Europe faces “the biggest epidemic observed to date”

This is “the epidemic [de grippe aviaire] the largest observed to date in Europe ». In a report published Monday, October 3, the European Food Safety Authority (EFSA) confirms that the 2021-2022 season was exceptional in several respects. In the period from June to September, EFSA reports a “Unprecedented number of highly pathogenic avian influenza virus detections in wild and domestic birds”. The summer was particularly marked by a “unusual persistence of virus in wild birds” observed in fifteen European countries. Fatal outbreaks have been observed in seabird breeding colonies (gulls, gulls, gannets, etc.) on European coasts, particularly in France, the Netherlands and the United Kingdom.

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However, the summer period is normally the calm period for the circulation of the avian influenza virus, which traditionally spreads during the migration phases of wild birds from north to south. A consequence of this interrupted seasonality and the persistence of the virus among the sedentary fauna: farms were not spared during the summer, when they already experienced a particularly virulent epidemic in the first half of 2022. In total, 47 million birds had to be slaughtered in Europe this year, including 16 million in France. After a dismal winter and spring, the period from June to September saw “The number of epidemic outbreaks in poultry has decreased compared to previous months, but was more than five times higher compared to the same period of the previous year”continues the EASA.

Monitored mammalian transmissions

Another notable fact, according to the European agency: “The geographic scope of this year’s outbreak is unprecedented, with reported cases ranging from the Svalbard Islands in Norway to southern Portugal and the far east of Ukraine, affecting a total of thirty-seven countries across the continent. European. » This same H5N1 virus also crossed the Atlantic in the fall of 2021 and caused an unprecedented level of contamination in North America. In France, the areas so far relatively spared are at the forefront this year, particularly Brittany, with a high risk of dispersion between farms, due to its high density.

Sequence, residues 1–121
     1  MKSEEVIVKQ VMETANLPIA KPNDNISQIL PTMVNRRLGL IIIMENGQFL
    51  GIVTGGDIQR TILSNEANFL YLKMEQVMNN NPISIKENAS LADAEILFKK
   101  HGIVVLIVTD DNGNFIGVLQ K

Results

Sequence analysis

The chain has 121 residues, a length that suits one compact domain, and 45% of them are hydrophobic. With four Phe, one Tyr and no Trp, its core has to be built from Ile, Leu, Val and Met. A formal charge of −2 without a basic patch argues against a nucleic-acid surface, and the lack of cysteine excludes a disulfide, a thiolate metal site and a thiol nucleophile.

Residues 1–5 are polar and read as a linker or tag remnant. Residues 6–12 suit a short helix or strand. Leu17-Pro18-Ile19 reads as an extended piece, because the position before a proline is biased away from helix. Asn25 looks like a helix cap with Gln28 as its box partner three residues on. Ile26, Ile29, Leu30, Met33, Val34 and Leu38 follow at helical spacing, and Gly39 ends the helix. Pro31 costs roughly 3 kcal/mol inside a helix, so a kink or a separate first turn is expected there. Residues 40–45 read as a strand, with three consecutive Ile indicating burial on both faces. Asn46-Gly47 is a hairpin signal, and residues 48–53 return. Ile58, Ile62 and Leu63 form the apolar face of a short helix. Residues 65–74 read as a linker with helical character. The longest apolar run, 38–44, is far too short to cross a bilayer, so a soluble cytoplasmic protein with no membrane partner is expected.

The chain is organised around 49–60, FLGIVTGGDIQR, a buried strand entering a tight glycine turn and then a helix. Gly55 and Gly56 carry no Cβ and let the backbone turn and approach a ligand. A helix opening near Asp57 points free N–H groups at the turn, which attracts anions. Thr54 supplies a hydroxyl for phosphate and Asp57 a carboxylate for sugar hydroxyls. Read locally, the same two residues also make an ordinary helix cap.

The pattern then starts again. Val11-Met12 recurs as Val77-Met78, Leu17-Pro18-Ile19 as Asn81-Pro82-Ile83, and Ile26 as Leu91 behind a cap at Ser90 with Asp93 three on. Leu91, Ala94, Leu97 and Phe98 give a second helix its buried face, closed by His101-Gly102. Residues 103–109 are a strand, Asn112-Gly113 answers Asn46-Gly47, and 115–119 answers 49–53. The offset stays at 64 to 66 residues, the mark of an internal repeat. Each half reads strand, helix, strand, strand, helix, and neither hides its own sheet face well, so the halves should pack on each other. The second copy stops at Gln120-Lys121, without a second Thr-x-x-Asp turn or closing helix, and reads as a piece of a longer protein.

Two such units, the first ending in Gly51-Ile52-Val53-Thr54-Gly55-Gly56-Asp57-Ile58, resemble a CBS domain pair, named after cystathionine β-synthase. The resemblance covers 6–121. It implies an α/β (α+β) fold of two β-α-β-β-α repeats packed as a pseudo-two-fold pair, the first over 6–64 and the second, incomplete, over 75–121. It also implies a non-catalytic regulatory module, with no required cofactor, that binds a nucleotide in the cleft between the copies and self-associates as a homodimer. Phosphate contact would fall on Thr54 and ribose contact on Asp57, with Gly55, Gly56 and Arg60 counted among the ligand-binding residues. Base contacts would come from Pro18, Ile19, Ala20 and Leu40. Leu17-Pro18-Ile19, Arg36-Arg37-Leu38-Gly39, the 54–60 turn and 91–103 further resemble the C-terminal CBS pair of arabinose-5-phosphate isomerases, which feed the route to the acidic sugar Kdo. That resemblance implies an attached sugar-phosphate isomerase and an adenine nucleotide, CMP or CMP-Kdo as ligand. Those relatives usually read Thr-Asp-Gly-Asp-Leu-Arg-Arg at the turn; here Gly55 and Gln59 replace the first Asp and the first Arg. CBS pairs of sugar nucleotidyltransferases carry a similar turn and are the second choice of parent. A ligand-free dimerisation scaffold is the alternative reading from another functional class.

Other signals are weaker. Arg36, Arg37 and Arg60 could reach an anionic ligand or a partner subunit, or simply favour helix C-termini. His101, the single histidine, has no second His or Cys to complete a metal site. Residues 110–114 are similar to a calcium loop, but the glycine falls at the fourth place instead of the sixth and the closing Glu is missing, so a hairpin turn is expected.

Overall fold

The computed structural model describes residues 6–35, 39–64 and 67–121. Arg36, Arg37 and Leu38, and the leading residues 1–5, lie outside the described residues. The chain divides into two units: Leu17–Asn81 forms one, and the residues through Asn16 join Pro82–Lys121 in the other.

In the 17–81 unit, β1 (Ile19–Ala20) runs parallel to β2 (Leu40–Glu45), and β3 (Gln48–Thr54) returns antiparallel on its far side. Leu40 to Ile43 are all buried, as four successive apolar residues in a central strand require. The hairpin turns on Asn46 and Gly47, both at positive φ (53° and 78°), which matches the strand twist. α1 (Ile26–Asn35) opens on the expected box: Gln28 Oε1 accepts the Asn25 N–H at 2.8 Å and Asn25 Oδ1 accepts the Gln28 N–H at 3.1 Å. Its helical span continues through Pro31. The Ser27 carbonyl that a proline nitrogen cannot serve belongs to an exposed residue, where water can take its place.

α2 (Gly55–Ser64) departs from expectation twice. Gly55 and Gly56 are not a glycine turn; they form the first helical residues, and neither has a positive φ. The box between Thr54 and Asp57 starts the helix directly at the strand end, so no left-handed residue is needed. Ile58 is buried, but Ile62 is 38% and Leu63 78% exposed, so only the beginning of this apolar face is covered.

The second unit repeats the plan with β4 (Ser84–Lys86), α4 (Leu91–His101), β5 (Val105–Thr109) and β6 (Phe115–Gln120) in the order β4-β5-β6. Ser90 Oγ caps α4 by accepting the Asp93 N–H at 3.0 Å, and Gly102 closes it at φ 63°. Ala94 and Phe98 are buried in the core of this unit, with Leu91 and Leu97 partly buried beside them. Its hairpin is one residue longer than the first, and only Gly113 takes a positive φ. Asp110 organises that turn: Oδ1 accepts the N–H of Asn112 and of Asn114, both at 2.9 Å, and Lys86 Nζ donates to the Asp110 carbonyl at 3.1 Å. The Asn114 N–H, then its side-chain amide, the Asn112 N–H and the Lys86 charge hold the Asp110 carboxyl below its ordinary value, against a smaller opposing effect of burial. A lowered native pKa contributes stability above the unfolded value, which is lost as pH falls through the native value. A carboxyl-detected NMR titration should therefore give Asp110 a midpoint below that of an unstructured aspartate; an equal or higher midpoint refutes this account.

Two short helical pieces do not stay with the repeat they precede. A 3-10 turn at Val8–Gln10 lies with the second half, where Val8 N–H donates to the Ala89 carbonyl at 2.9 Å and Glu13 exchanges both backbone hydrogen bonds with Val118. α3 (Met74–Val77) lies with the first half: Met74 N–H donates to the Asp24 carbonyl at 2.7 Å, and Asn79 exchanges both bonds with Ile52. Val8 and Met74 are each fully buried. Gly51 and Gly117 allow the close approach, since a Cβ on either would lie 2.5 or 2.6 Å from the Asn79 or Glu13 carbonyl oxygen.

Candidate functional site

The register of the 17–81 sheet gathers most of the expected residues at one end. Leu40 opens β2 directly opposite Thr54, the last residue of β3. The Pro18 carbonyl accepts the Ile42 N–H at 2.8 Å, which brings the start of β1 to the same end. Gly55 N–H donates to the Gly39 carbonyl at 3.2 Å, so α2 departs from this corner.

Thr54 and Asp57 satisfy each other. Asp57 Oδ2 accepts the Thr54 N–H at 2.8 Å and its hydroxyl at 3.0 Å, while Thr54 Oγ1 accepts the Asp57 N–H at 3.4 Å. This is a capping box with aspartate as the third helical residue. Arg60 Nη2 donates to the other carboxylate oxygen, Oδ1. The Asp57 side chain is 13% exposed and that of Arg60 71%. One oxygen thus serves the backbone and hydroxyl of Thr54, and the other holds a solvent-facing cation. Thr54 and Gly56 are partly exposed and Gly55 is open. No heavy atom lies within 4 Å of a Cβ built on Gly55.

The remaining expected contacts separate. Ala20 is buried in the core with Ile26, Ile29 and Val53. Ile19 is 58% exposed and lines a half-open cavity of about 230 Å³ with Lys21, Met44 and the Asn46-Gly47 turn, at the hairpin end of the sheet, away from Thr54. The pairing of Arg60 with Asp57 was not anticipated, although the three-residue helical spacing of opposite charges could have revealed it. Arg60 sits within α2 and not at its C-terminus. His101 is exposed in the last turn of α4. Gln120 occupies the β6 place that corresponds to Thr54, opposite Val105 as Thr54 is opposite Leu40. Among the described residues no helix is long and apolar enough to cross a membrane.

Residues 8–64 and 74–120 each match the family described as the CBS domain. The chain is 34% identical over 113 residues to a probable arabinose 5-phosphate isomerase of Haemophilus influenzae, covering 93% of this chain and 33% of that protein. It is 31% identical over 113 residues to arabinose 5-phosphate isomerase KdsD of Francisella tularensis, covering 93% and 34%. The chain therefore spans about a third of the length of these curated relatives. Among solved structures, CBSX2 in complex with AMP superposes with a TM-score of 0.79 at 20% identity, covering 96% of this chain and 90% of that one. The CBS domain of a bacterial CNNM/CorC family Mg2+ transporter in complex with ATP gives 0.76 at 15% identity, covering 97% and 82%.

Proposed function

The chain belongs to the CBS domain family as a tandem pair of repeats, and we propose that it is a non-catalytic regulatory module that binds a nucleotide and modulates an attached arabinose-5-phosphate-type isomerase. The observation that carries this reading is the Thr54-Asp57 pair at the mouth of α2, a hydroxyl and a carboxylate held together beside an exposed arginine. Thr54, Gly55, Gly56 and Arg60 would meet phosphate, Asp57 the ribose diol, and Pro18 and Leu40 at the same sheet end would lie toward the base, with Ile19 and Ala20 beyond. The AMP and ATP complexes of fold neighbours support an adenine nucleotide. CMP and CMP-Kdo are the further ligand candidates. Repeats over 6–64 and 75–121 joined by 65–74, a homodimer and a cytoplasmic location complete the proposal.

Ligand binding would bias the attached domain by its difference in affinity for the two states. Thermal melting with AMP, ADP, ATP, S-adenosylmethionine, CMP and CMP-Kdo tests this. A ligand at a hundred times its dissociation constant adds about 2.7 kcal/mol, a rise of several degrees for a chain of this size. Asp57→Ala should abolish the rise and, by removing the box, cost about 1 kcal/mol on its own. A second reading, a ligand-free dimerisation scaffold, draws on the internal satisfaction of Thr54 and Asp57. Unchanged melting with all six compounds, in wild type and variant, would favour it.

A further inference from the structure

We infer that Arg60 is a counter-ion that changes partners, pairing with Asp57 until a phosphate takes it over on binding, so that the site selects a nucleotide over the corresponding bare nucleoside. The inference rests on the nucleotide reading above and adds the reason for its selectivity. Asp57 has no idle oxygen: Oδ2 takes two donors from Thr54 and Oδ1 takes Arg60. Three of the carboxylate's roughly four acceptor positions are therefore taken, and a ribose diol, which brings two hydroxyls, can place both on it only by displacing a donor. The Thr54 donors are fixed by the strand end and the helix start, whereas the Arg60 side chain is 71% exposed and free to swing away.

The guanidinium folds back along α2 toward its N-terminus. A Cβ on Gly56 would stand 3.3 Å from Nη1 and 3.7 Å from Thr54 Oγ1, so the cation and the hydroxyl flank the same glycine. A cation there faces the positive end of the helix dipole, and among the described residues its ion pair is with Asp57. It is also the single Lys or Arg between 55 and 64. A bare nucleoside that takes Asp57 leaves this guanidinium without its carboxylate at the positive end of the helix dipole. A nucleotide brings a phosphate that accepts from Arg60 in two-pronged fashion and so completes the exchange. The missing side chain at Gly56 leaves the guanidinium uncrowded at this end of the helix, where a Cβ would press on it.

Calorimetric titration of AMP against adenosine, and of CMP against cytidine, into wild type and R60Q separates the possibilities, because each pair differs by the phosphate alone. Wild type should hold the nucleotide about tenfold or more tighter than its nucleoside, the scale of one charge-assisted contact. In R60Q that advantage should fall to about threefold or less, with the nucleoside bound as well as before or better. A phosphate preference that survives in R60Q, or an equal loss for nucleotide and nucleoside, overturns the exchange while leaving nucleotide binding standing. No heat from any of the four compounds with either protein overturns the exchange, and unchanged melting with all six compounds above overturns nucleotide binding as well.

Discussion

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Finally, the particularity of this year’s epidemic is that it is dominated by a subgroup of H5N1 viruses, clade 2.3.4.4b, first identified in the Netherlands in October 2020. Since these viruses are very prone to rearrangement, several genotypes are circulating, some of which have appeared very recently since June. The adaptive capabilities of these viruses are thus one of the explanations for their persistence during the summer. Health authorities are particularly monitoring transmissions to mammals, the virus has been detected this year in many species (foxes, badgers, weasels, lynx, porpoises, otters, seals, dolphins, grizzly bears, etc.). However, no diffusion between mammals was observed. As for the risk of transmission to humans, it is considered low in the general population by EFSA, and low to medium for people who work professionally on farms.

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